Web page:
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News flash!


Featured in the March/April 2015 edition of the BCT Magazine:

Can you take 30 minutes to pause in the day? by Claudia Sitara Dau

Pregnancy brings a whole host of time demands: getting things ready for the baby, finding the right support for your birth, doctor visits, developing a birth plan, working and preparing for maternity leave, clothes that fit our changing shape... the list goes on and on.

But in all our busy-ness, we can lose site of the main priority: the baby. What does the baby need most from us? If we think of a mother hen, she will literally sit until it is time for the egg to hatch. Now, this may not seem feasible or even desirable. But is there an in-between, an interim solution so to speak?  Somewhere between running around like a headless chicken to sitting still like a maternal hen?


When I was pregnant with my first child, I was operating my own business. We had all our staff working out of our rented apartment as we were closed for renovations and had just bought a new home (which also required renovations). At the same time, we decided to launch a yoga studio on top of the spa. To say that I was overstretched was an understatement. On top of all that, I had a terrible phobia about childbirth.

My longtime teacher and mentor, Dr Catherine Shainberg (author of Dreambirth) gave me one main piece of advice: every day, take a 30-minute pause part-way through the day, ideally following lunch.

During that time I would do a one-minute imagery exercise (like a simple visualisation exercise
that you might do in a yoga class) that helps the baby to grow perfectly and enable me to calm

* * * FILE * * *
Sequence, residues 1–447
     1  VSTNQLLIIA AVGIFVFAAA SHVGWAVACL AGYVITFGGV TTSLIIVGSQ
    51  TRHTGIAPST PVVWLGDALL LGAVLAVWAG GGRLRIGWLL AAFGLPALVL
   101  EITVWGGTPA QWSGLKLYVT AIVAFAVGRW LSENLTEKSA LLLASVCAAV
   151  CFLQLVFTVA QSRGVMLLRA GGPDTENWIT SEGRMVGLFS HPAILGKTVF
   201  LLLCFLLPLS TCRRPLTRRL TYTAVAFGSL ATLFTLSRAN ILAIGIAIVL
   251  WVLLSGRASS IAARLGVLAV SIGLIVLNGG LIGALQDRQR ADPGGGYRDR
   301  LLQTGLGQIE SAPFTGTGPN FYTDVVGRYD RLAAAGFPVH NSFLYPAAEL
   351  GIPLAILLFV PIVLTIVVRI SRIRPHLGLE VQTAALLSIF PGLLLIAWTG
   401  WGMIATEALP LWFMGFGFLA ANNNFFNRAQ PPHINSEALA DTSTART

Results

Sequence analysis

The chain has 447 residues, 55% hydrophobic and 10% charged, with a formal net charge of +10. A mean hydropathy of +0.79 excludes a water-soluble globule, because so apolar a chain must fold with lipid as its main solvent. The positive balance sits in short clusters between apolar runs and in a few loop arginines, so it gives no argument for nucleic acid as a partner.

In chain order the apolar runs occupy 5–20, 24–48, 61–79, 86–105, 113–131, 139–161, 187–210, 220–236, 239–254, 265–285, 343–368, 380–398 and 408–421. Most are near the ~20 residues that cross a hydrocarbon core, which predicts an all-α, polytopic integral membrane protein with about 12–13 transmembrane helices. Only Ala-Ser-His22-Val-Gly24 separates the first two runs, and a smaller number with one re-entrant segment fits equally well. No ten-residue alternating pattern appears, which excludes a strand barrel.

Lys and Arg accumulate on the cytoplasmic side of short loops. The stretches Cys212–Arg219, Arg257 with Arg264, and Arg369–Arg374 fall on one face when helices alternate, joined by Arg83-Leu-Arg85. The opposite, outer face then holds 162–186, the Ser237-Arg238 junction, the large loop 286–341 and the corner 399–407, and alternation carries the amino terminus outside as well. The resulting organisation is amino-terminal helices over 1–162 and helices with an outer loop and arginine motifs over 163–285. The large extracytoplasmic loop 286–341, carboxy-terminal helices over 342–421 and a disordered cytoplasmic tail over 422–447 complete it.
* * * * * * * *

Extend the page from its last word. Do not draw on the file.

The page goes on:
down my anxieties and tendency to become hectic. During those 30-minute pauses, I was able to simply sit and be with my baby, connecting with her, breathing with her and getting to know this beautiful being growing inside of me.

30 minutes a day changed my pregnancy and changed the relationship that I had with my body,
learning to respect and respond to the needs and wishes of this new member of our family. I learnt to slow down, to trust that everything would fall into place and that the world wouldn't end if I didn't have all the things done on my to-do list.

Looking back, some of those 30-minute rest times were the favourite parts of my pregnancy. The parts where I allowed myself to actually enjoy being pregnant rather than viewing it as an encumbrance to my 90 mile-an-hour usual speed. As the pregnancy progressed, I noticed that these were the moments where the baby was most active. The more I rested, the more she moved about.

What did that tell me? That the more I could simply sit and be, the more space she had to grow and develop and explore her new environment.

Since that time, I have worked with many pregnant women and women trying to become pregnant. Each time, I give the same piece of advice: take 30 minutes to pause each day.

The results are the same: the mothers calm down and the babies come out like little Buddhas.

So if you do one thing this pregnancy, give yourself permission to pause. It's OK to stop.





 

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